The intentional abuse of students at school is still legal in 19 states

man with backpack beside a books
Photo by bantersnaps on Unsplash

In the United States, it is illegal to hit another person. It is illegal for police officers or correctional officers to use force for any reason other than subduing someone.1 A court of law cannot sentence someone to physical punishment, such as whipping or branding, which were common criminal punishments, historically speaking, because that would violate the "cruel and unusual" clause of the Eighth Amendment. Why then is corporal punishment still legal for schoolteachers to enact on students in 19 states?

We are not talking about force to subdue violence or force in self-defense. No, we are talking about teachers "paddling" or "spanking" students, from the time they start school until they graduate, as punishment for misbehaving on school property. Parents are asked to provide permission for field trips, sexual education or school nurses administering medications, but not, in many states, for a teacher to spank their child.

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Imagine you've forgotten once again the difference between a gorilla and a chimpanzee, so you do a quick Google image search of “gorilla." But instead of finding images of adorable animals, photos of a Black couple pop up.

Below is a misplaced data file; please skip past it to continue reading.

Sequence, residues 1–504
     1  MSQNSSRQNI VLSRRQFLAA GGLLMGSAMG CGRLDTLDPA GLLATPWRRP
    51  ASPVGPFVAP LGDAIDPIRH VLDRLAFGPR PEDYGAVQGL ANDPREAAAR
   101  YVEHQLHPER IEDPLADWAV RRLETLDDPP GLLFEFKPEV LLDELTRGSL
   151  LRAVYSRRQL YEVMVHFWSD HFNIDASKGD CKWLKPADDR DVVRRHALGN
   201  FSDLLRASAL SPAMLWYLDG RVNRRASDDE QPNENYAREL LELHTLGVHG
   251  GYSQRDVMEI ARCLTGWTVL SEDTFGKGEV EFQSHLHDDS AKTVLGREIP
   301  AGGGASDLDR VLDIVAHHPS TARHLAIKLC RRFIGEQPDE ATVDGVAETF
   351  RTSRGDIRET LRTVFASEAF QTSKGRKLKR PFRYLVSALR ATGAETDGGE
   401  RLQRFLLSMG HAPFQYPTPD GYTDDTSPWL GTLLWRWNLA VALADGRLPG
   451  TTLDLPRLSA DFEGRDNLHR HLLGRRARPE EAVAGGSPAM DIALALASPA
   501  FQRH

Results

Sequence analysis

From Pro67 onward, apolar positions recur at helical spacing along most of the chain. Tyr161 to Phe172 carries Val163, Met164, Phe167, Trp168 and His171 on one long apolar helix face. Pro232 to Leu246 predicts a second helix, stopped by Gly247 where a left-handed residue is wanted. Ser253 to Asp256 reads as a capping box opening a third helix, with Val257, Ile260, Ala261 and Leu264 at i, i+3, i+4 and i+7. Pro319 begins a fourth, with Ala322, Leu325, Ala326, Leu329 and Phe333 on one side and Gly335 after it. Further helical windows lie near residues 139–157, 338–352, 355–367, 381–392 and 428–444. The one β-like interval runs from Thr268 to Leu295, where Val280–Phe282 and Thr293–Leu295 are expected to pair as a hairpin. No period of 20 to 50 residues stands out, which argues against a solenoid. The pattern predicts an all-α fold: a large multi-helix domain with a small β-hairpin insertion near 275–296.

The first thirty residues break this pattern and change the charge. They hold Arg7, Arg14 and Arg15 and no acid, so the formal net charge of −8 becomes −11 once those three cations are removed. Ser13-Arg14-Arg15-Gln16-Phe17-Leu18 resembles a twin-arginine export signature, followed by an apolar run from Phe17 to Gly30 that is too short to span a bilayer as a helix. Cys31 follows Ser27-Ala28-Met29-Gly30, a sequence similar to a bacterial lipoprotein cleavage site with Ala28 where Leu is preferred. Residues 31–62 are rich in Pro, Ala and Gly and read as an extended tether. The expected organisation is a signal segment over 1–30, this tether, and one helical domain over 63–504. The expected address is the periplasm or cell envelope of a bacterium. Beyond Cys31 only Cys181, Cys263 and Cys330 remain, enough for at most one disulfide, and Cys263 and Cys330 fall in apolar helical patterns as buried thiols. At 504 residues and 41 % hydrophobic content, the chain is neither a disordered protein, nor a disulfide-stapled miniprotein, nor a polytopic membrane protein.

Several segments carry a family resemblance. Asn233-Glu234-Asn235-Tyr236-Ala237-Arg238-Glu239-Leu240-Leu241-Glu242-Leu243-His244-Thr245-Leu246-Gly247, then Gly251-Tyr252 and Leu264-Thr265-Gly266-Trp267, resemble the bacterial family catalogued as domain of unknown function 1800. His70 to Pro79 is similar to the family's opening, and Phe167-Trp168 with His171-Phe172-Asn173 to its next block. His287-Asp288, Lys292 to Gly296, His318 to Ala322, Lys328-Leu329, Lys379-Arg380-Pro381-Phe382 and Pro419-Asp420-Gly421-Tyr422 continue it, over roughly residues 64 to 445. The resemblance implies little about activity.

Is this just a glitch in the algorithm? Or, is Google an ad company, not an information company, that's replicating the discrimination of the world it operates in? How can this discrimination be addressed and who is accountable for it?

“These platforms are encoded with racism," says UCLA professor and best-selling author of Algorithms of Oppression, Dr. Safiya Noble. “The logic is racist and sexist because it would allow for these kinds of false, misleading, kinds of results to come to the fore…There are unfortunately thousands of examples now of harm that comes from algorithmic discrimination."

On At Liberty this week, Dr. Noble joined us to discuss what she calls “algorithmic oppression," and what needs to be done to end this kind of bias and dismantle systemic racism in software, predictive analytics, search platforms, surveillance systems, and other technologies.

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